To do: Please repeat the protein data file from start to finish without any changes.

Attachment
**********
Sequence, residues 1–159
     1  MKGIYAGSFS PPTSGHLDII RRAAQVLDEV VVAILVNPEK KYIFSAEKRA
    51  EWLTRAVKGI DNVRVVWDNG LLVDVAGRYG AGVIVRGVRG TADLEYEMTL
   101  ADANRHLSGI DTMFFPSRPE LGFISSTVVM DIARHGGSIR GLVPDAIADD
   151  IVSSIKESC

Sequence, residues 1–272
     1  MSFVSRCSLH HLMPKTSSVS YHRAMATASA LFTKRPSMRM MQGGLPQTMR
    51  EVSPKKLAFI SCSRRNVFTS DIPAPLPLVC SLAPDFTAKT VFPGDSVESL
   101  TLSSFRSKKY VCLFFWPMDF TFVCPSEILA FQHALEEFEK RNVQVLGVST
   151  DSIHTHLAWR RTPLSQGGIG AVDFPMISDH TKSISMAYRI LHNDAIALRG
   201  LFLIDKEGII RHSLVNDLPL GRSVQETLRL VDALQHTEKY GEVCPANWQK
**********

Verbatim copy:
Sequence, residues 1–159
     1  MKGIYAGSFS PPTSGHLDII RRAAQVLDEV VVAILVNPEK KYIFSAEKRA
    51  EWLTRAVKGI DNVRVVWDNG LLVDVAGRYG AGVIVRGVRG TADLEYEMTL
   101  ADANRHLSGI DTMFFPSRPE LGFISSTVVM DIARHGGSIR GLVPDAIADD
   151  IVSSIKESC

Sequence, residues 1–272
     1  MSFVSRCSLH HLMPKTSSVS YHRAMATASA LFTKRPSMRM MQGGLPQTMR
    51  EVSPKKLAFI SCSRRNVFTS DIPAPLPLVC SLAPDFTAKT VFPGDSVESL
   101  TLSSFRSKKY VCLFFWPMDF TFVCPSEILA FQHALEEFEK RNVQVLGVST
   151  DSIHTHLAWR RTPLSQGGIG AVDFPMISDH TKSISMAYRI LHNDAIALRG
   201  LFLIDKEGII RHSLVNDLPL GRSVQETLRL VDALQHTEKY GEVCPANWQK